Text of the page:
My friend Tim posted a picture of his bike at Lake Louise as part of a game of tag. Other members of the online forum would have to identify the location, then match the photo and also post one taken at a different location. The first person posting the two photos would move the Tag and the process would repeat. Tim had gotten the picture of his silver ST1300 on a cloudy, drab, day in early November, 2010, when nobody else was present, and he felt he was safe from anyone moving the Tag any time soon, if at all. On the following August long weekend, Mary and I got a picture at the Maligne Lake Boat Launch on our way to Fairmont Hot Springs for some soaking. Bearing a copy of Tim’s picture to show what we wanted to match, we stopped at Louise on the way down on Sunday but were told it was the busiest day of the year and to come back earlier another day if we could. We left Fairmont early on Tuesday and, despite the 2 degree Celsius temperature (August long weekend in the Rockies!!)), arrived at Louise at 8:30 AM, asked again and, although I had to push the bike from the parking lot to the photo spot due to the crowds, managed to get a bright, colorful, populated, photo to claim the Tag. The next photo I got of our 25th Anniversary ST1300 was three weeks later in the police impound lot the day after I had been an unwitting participant in intersection Tag.
Probably my favourite “Just Ask” moment occurred when Norm, Don, and I got to North Sydney, NS in June, 2018 near the end of our Iron Butt Far North Insanity ride (ten provinces + two territories under 14 days) and had a couple hours to kill before catching the ferry to Port Aux Basques, NL. It had been a long Day No. 7, coming from Miramichi, NB via Green Gables in PEI, and we were feeling a little peckish. I punched up dining establishments on the GPS and picked one that sounded suitable. As we pulled in to the parking lot the entire staff appeared to be outside taking a break, which seemed like a good indication they weren’t too busy. However, after doffing our helmets a lady asked if we had a reservation. No. Well, we are full, and fully booked for the night. Is there anywhere else we can get lobster? No. We’ve just ridden all the way from Alberta just to have lobster at your establishment. After further spirited back and forth banter she came back with – well, he’s the owner/chef – he can tell you we’re packed. We are, but, pointing at Norm, do you want lobster? Yes. Do you want lobster? Yes, said Don. Do you want lobster? Yes, I replied. OK, give us ten minutes.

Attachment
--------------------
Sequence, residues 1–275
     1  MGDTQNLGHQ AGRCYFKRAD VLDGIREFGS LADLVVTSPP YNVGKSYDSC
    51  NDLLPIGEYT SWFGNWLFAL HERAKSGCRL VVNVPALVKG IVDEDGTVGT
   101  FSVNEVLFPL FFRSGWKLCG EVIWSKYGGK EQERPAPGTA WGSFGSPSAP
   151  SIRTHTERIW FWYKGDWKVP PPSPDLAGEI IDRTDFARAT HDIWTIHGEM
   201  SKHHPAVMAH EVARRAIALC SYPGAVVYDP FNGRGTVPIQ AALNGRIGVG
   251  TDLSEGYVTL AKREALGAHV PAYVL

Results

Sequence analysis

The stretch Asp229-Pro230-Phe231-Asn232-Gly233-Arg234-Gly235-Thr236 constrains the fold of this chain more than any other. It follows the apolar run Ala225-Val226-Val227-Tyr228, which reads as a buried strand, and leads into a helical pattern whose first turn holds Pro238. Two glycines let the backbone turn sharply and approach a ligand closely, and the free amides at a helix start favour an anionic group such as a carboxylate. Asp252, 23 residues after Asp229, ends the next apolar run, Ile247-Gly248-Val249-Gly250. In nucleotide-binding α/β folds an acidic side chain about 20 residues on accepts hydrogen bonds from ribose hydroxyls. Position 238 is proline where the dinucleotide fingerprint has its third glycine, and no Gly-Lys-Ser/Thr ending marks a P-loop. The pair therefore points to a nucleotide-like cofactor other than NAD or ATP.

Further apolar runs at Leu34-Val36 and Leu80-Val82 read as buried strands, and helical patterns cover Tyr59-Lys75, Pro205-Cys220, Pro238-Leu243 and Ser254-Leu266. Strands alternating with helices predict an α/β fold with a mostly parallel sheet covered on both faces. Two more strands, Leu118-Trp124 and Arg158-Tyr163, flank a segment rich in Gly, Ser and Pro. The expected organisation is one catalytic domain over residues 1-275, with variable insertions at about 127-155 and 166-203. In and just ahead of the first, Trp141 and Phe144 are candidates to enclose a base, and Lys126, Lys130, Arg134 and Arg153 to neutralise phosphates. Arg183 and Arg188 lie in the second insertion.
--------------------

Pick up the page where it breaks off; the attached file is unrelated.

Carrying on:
Within the allotted time the staff disappeared inside and then reappeared carrying a table and chairs and place settings and, soon after, our lobster dinners arrived and the quality quayside crustacean cuisine kicked off our cross-Canada cruise culmination celebration.
Sometimes, you just gotta ask!
- From R. Bruce Thomas